At least 180 restrictive bills have been introduced in 41 states since the beginning of 2011. Twenty-five laws and two executive actions have passed in 19 states since the beginning of 2011. Seventeen states have passed restrictive voting laws that have the potential to affect the 2012 election; these states account for 218 electoral votes, or nearly 80 percent of the total needed to win the presidency. These Republican Party-led efforts impose a series of new restrictions on voting: strict, new voter-ID laws, limits on voter-registration drives, and closing early-voting windows, which creates fewer voting precincts and longer lines.

Richard L. Hasen, a professor at the University of California, Irvine, believes the risk of another debacle like the 2000 election is high.

“Elections are not well funded in this country, and the people running them are not professionals,” he said. “There are different rules in every district. When there is a razor-thin election – and we may have one in November – there is room for chicanery.”

Liberal and civic rights groups cite new restrictions on voting periods and voter ID laws aimed at disenfranchising women, the young, the elderly and disabled, as well as minorities and those on low income.

The most recent high-profile fights have been about voter identification requirements and whether they are aimed at stopping fraud or keeping minority group members and the poor from voting.

Republicans in some states liked the ideas that fit their notion of what was wrong – potential for fraud. And Democrats preferred others – increasing voter participation. Little was done.

“This has all become incredibly politicized in recent years,” noted Daniel Tokaji, an election law professor at Ohio State University. “If you go back in our history, you can find voter registration rules used to exclude blacks or immigrants from voting. But since 2000 it seems to have gotten worse. Both parties have realized that election administration rules can make the difference between victory and defeat in a close election. And unlike virtually every other country in the world, our systems are administered by partisan officials elected as candidates of their parties.”

This week, most national and regional pollsters, more than 40 in all, were in a consensus that Mr. Obama is most likely to get 95% of the African American (Black) votes, 70% of the Latino vote, 60% of the Asian-American-Pacific Islanders vote and a majority of the youth vote.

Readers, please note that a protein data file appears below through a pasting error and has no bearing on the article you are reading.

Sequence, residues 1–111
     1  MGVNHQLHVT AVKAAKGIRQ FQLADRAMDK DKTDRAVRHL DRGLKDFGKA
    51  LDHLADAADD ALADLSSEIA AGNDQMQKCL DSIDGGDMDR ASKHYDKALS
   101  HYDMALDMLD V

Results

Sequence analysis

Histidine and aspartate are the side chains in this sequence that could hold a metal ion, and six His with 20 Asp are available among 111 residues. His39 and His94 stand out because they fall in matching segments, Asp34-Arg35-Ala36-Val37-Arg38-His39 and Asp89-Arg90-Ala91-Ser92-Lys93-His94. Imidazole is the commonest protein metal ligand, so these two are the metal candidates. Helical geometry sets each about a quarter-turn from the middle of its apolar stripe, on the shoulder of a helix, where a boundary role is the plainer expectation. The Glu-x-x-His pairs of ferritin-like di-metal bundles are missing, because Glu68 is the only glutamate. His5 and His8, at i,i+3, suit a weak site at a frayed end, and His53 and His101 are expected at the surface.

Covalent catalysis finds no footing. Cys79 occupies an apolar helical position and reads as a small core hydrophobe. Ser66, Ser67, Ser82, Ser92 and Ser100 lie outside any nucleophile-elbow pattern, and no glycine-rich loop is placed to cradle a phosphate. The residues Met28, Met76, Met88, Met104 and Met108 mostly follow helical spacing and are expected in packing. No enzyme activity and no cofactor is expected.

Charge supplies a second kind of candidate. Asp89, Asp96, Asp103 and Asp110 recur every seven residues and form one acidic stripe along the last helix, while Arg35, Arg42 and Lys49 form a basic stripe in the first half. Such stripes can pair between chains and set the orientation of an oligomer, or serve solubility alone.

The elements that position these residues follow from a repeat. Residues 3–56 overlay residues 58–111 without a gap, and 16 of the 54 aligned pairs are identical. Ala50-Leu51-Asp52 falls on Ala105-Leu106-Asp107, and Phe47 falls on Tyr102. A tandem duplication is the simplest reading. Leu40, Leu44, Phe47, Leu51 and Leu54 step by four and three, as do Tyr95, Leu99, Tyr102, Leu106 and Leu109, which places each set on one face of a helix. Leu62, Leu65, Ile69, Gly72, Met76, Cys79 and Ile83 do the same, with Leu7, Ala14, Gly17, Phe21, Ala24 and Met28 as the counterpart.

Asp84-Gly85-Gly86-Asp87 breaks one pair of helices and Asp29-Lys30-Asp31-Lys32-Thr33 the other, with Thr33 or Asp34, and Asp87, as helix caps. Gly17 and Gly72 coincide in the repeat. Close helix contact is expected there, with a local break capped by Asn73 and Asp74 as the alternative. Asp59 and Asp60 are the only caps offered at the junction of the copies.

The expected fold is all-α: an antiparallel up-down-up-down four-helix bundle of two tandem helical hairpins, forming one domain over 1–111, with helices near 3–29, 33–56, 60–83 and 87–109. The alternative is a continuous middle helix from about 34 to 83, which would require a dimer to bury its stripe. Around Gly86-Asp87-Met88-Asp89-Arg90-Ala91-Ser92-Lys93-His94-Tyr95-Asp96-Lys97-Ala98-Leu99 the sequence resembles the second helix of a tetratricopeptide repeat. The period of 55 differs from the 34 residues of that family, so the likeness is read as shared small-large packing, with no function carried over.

Republican candidate is most likely to get 75% of White voters who are over 65 and 55% of the women votes.

The target of the Republican officials nationwide were the immigrant, Black and youth vote in manipulating the electoral process in this very close election on November 6. Obama is expected to win with a razor thin majority in the popular and electoral college vote. Sensing this, the Republican officials have been working overtime to negate that advantage.

The wave of new voter restrictions and scare tactics being implemented for the 2012 elections — such as voter ID laws, early voting restrictions, threatening billboards, misleading mailers and vigilante poll watchers — could intimidate countless numbers of Americans from exercising their right to vote.

Voting restrictions in a majority of states since 2011, including strict voter ID laws and limits on early voting and voter registration. Though many of the laws have been blunted, confusion about voting requirements could still make it harder for many Americans to exercise their right to the franchise.

Each of these measures is purportedly designed to prevent “voter fraud,” despite no evidence that in-person fraud or double-voting actually exists on a significant scale, and certainly not on a level that could affect the outcome of an election. “It makes no sense for individual voters to impersonate someone,” Rutgers public policy professor Lori Minnite recently told The New Yorker. “It’s like committing a felony at the police station, with virtually no chance of affecting the election outcome.” University of California-Irvine election law professor Rick Hasen told The New Yorker that he “tried to find a single case” since 1980 when “an election outcome could plausibly have turned on voter-impersonation fraud,” but found nothing.

While there is no evidence “voter fraud” has had an impact on any modern election, the new wave of voter restrictions and election intimidation tactics threaten to have an impact on election results in 2012. Earlier estimates suggested as many as 5 million voters could be affected by voter ID laws and limits on voter registration and early voting. Countless others will never go to the polls because of confusing or misleading information, or will turn away when confronted by vigilante poll watchers. Voter registration fraud — which is distinct from “voter fraud” like double voting — could also mean valid ballots will not be counted.